One cannot avoid but notice that Durga Puja has always been a function of extravagance and expenses. During the British period, the emerging ‘babu’ community always tried to showcase their wealth through the celebration of this puja as a “status symbol”. So a question again arises as to, why suddenly this botheration with the issue of “money” and expenditure in the pujas; it is because of the nature of the “money”. Earlier, it was more or less the wealthy class who used to celebrate this religious festival according to their affordability and showcased their private property to gain respect and status in front of other people and also the British officials. But now, consumption has become a compulsion. It has been turned into a necessity that we cannot avoid. We need to spend money on clothes, food, etc in order to make ourselves happy. It is not something which is done by a handful number of people rather it has become a practice of the mass-culture, which makes it a matter of concern. The process of globalization and modernity may not necessarily bring transformation in our lives but it does influence some aspects of our culture. And as Durga Puja has always been a festivity where there has been a reflection of other aspects of life in the celebration, it is noticed that though the change in time has brought a great deal of changes in the pattern and structure of puja celebration; the excitement and effervescence related to this festival has not really changed much among the Bengalis.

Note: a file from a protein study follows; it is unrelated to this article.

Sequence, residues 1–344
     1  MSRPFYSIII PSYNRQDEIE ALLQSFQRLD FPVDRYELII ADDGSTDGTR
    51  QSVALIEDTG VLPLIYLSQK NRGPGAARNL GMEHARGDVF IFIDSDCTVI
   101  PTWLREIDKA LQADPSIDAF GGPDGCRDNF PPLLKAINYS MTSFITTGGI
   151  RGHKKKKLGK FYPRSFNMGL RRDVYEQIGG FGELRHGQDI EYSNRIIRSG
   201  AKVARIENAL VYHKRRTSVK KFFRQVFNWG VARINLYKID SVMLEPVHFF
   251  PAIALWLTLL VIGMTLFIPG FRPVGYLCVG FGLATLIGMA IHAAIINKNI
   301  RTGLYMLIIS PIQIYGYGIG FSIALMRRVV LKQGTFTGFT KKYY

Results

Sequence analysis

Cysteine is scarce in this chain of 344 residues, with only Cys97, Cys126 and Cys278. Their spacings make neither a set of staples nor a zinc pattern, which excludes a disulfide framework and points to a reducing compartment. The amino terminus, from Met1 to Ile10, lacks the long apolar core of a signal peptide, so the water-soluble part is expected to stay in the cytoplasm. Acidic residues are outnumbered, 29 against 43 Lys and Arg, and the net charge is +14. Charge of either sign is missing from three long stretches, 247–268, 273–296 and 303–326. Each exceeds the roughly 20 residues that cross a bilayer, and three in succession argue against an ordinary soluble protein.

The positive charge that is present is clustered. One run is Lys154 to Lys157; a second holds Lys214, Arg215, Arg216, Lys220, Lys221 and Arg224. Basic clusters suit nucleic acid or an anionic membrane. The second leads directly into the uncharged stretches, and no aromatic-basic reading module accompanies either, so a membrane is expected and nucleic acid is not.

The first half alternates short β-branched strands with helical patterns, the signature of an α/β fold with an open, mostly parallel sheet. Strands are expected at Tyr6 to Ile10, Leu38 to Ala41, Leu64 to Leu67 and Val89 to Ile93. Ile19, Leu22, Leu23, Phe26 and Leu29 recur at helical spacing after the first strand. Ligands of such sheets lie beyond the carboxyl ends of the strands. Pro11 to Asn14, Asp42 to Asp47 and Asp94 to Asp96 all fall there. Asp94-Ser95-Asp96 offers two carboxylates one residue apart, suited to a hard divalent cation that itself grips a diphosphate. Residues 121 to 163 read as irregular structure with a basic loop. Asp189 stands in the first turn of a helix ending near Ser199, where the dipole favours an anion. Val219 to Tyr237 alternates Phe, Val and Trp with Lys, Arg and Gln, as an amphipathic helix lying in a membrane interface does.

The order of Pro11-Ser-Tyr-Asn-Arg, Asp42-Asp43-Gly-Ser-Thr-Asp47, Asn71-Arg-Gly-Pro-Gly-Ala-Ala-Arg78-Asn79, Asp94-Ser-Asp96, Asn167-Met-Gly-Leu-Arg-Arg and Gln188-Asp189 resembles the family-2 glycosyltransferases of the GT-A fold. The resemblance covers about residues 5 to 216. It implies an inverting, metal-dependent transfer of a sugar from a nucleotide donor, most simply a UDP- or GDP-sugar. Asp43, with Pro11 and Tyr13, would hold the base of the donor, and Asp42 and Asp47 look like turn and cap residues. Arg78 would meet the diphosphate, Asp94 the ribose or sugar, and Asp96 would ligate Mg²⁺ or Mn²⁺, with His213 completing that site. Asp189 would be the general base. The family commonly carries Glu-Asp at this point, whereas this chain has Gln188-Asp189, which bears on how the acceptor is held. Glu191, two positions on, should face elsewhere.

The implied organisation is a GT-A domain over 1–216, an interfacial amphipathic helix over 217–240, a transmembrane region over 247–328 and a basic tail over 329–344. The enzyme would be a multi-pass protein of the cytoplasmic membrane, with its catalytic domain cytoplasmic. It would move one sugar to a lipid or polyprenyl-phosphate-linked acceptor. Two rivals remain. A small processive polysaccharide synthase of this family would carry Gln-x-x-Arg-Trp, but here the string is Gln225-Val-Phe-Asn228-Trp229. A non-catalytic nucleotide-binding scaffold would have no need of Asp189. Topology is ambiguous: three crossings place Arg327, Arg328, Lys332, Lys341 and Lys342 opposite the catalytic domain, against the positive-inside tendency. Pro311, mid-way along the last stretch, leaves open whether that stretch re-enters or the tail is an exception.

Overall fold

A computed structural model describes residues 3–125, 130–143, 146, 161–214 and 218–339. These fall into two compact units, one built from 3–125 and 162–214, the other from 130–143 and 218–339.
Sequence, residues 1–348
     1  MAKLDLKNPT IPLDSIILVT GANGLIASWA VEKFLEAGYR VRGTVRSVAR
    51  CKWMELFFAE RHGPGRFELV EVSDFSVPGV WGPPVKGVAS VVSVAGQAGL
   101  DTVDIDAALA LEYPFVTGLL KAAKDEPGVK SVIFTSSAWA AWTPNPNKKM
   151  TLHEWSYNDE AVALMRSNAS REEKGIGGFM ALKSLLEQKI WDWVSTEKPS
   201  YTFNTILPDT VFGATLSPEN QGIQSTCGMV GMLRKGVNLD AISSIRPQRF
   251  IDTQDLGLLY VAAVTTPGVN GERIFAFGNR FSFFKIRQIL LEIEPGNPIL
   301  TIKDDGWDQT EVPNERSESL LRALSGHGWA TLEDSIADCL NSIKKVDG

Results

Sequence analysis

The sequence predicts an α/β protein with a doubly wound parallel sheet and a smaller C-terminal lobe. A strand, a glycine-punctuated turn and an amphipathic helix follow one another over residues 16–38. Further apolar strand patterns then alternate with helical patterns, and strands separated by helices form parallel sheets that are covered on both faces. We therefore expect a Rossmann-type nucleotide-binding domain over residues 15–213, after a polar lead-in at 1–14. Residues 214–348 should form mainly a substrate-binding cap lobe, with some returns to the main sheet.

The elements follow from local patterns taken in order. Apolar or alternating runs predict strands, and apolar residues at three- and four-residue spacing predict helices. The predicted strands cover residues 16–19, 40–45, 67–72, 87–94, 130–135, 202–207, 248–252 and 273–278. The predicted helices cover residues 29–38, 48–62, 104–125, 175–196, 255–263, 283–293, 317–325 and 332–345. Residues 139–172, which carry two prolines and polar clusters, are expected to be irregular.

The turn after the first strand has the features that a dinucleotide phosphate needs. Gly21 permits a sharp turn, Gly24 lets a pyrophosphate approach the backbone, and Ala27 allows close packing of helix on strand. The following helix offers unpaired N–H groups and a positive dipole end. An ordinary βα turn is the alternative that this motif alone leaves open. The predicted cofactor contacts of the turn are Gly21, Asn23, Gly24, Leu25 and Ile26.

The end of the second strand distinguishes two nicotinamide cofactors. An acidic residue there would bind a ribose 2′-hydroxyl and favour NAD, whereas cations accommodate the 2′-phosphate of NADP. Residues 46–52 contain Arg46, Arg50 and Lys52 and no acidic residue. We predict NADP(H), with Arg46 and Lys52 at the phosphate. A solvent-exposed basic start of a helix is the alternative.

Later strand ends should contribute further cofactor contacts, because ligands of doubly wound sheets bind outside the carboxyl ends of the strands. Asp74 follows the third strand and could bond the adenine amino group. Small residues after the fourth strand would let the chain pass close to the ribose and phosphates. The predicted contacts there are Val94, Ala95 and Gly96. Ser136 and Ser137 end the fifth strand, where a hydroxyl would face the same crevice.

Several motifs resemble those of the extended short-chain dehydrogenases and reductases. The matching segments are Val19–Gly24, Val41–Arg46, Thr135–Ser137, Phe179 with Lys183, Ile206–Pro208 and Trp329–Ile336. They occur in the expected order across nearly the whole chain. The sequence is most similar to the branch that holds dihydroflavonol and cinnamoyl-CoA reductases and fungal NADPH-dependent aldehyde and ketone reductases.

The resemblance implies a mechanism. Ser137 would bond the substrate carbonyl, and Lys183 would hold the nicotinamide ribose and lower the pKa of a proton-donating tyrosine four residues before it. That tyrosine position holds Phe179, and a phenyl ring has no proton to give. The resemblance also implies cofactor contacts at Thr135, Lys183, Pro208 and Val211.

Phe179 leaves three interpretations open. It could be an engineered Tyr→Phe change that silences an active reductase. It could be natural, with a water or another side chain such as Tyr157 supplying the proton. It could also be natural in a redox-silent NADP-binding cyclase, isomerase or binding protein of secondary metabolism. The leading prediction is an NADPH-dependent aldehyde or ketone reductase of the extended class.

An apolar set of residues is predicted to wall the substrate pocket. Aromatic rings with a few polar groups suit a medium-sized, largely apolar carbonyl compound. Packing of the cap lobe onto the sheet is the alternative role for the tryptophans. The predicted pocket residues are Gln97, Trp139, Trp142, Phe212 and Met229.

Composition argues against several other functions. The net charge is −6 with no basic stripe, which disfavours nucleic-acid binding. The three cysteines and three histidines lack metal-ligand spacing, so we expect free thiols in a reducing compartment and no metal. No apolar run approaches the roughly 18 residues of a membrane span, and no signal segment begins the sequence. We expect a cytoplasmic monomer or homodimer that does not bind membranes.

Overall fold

The ‘theme’ pujas have replaced the ‘sabeki’ pujas to a great extent but they too have their own importance. Each ‘theme’ puja puts up a new issue and portrays it through the pandals and ‘murti’ (idol). The religious space not only is kept limited with worshipping, praying rather it is also used as a space of learning where people becomes conscious about certain issues like global warming, women empowerment, different usages of jute etc. It portrays a different kind of art-form and also provides a platform to those artists who are otherwise not acknowledged or appreciated.
But this upcoming craze of coming up with new concepts, ideas, architecture, lightings and idol also makes ‘committees’ compete with each other. There comes the ‘rat-race’ in order to win the ‘best’ prize. The offering of ‘bhog’, a very basic ritual of any puja have also not been able to stay away from the clutch of the capitalist market.
The parameters of assessment have become diverse, ranging from safe traffic rules, arrangements for senior citizens, to security of the pandal hoppers, drinking water and many others. Extra points are also added to the puja committee who does social services throughout the year and it has been noticed that all the puja pandals do associate themselves with some sort of welfare activity, which in a way also enhances the wellbeing of the locality.
The previous ‘baroari’ pujas were organized with collections or ‘chanda’ that is subscriptions, where the people were engaged personally with the pujas. It is now being replaced by the corporate sponsored cultures where people stand in long queues for hours just to catch a glimpse of the well-known pujas. Another interesting thing that has been noticed is the presence of the political party leaders as the ‘sobhapati’ of different pujas. The budgets of many middle ranged pujas have soared high. Political propaganda is being done through the big hoardings and advertisements put up at the entrance of the pujas. Thus, it is clearly noticed that the power of ‘money’ and the capitalistic structures have come to control the entire process of this festivity, which may not strike as an issue if seen casually, but a deeper eye on this process would actually reveal that things have changed its nature to a great extent. The entering of the big powers of capital and corporate structures in the locales of our life and cultures have also changed the nature of ‘sacred’ to a great extent. (Garai S, 2017)